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  • New insights into the syntax and semantics of complementation: Introduction to the special issue*
  • Łukasz Jędrzejowski

Dependent clauses are one of the prominent examples illustrating the ability to generate recursive structures by a computational mechanism. Three types of dependent clauses have usually been distinguished in a broader sense: (i) complement clauses, (ii) adverbial clauses, and (iii) correlative or relative clauses. The question of whether these three types can be reduced to a single abstract structure has inspired several fruitful lines of research, resulting in a mass of new empirical findings and leading to novel results. For example, many authors have proposed to analyze different types of dependent clauses as correlative/relative clauses (see Arsenijević 2009, Bhatt & Pancheva 2006, Caponigro & Polinsky 2011, Geis 1970, Haegeman 2012, Kayne 2014, Krapova 2010, Kratzer 2006, Moulton 2009, 2015, among many others). This special issue of the Historical Syntax section of Language, entitled New insights into the syntax and semantics of complementation, focuses in particular on the diachronic syntax and semantics of dependent clauses and shows to what extent complement, adverbial, and relative/correlative clauses may be related to each other.

In what follows, I briefly outline the most important findings of the contributions collected in this special issue and highlight how they contribute to the diachronic discussion on clause-linkage in general.

Katrin Axel-Tober’s article, ‘The development of the declarative complementizer in German’, is concerned with the issue of how the German subordinate complementizer dass ‘that’, which introduces declarative complement clauses and triggers verb-final position, evolved in the history of German.1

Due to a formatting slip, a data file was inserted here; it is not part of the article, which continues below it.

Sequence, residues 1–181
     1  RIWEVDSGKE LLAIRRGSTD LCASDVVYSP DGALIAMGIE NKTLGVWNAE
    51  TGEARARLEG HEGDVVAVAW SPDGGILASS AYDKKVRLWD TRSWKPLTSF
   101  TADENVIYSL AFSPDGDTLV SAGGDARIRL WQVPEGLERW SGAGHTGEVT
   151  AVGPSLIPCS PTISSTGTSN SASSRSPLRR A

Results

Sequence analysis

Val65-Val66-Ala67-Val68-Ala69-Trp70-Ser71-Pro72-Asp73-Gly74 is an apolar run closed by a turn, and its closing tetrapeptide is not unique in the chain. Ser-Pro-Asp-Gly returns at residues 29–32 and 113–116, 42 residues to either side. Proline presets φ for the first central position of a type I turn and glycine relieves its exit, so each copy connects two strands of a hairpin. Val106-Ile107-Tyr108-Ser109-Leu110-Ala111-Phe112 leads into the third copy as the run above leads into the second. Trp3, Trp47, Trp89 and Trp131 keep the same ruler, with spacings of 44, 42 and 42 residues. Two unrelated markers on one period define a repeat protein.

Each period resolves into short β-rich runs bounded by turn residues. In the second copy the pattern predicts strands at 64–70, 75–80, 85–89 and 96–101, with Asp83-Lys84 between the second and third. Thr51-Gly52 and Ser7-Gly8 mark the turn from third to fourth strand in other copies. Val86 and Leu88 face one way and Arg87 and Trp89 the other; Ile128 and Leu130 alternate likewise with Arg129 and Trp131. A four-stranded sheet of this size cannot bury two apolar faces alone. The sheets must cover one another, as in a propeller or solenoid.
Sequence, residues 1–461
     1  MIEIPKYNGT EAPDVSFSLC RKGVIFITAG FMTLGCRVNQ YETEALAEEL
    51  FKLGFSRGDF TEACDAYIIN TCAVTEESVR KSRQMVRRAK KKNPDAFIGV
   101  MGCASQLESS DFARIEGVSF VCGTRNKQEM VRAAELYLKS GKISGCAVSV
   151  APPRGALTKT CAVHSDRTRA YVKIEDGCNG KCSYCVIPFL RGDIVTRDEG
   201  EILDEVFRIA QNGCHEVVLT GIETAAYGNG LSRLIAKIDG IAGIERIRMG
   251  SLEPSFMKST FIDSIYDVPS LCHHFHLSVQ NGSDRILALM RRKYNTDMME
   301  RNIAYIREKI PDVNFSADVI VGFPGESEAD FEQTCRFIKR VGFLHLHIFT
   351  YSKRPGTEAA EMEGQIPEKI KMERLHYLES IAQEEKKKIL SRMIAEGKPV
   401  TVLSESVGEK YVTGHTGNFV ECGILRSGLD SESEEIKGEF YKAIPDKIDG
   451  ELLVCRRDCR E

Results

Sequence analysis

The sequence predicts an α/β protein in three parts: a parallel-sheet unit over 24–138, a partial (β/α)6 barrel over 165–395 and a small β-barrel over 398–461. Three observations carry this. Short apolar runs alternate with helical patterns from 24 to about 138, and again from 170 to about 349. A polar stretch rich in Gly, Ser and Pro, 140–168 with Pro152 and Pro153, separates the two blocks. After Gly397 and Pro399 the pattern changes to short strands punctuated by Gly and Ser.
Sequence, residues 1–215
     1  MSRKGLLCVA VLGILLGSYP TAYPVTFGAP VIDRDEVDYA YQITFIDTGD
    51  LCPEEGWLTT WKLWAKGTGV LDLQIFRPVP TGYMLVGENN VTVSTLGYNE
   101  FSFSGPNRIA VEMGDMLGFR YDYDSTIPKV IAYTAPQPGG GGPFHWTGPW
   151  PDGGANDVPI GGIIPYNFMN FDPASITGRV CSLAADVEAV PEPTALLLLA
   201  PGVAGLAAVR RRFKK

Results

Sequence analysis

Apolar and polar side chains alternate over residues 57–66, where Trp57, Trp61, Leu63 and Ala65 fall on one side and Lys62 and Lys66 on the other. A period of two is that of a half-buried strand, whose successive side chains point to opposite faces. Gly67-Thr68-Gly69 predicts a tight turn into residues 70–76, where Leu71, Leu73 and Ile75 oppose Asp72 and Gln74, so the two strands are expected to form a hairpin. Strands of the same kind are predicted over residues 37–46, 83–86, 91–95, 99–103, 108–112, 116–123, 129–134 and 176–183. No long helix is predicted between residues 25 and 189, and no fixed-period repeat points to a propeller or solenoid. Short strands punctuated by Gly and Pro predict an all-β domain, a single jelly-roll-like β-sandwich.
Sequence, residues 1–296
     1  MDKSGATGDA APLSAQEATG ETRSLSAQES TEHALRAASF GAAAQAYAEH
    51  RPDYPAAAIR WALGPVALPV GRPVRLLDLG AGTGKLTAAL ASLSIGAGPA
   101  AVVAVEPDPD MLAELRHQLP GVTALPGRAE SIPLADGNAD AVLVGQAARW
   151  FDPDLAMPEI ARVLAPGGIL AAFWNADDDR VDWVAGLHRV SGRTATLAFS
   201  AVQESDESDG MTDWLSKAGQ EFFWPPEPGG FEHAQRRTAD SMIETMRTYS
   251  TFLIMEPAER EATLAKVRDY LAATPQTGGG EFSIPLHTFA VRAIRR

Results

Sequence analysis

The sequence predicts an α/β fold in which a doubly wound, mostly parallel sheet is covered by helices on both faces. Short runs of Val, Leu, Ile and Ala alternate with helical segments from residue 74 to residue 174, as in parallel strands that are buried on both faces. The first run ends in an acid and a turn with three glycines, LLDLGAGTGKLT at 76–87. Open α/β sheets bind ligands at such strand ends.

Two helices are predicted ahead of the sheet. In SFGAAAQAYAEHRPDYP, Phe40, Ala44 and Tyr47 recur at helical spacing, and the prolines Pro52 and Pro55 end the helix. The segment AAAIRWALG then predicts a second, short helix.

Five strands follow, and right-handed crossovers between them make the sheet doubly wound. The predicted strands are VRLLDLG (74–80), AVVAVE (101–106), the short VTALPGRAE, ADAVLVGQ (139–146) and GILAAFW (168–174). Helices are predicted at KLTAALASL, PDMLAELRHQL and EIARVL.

In the example given in 1, the matrix predicate wissen ‘know’ embeds a finite CP-clause introduced by the declarative complementizer dass ‘that’. The assumption has been that it developed from the nominative/accusative form of the neuter demonstrative pronoun das ‘that’. Accordingly, the paratactic structure given in 2 is supposed to have given rise [End Page e23] to the hypotactic structure exemplified in 1, shifting the clause boundary (cf. Behaghel 1928, Ebert 1978, Horacek 1964, Lehmann 1988, Lenerz 1984, to name but a few).



The example in 2 contains the cataphoric demonstrative pronoun das ‘that’, occurring at the end of the first main clause and pointing forward to the content of the second main clause. Similar examples exemplifying the structures given in 1 and 2 are attested as early as Old High German (750–1050) (examples adapted from Axel-Tober, this issue).





Axel-Tober challenges the standard grammaticalization analysis of how dass ‘that’ emerged, offers a novel reanalysis scenario that is also applicable to other West Germanic languages, and provides abundant crosslinguistic evidence supporting the view that dass did not evolve directly from the cataphoric demonstrative pronoun das ‘that’ (see also Axel 2009 and Axel-Tober 2012:Ch. 2 for more details). Accordingly, the declarative complement clause developed from an explicative relative clause, as given in 5 (example adapted from Axel-Tober, this issue).



Following this line of reasoning, the dependent thaz-clause given in 5 should be analyzed as an explicative relative clause. What is crucial about its status is that (i) it is headed by the relative particle thaz, which occupies the C-position, (ii) it is attached as an adjunct clause to a functional projection in the matrix clause, and (iii) its content refers to the correlative element tház ‘that’ placed in the matrix clause. According to Axel-Tober, such a structure gave rise to the development of complement clauses; see the Old High German example in 4 with a silent correlative element, in which the thaz-clause is taken to function as a complement clause and thaz ‘that’ is the declarative complementizer triggering the verb-final position. In other words, there are no differences between the source and the target structure on the surface. Several advantages follow from this kind of reanalysis. It not only shows that there is no need to assume a radical change of the sentence boundary (main clause → embedded clause); it also indicates that thaz was a C-head before and after the reanalysis, regardless of whether it introduced an adjunct or a complement clause.

The issue of relative and...


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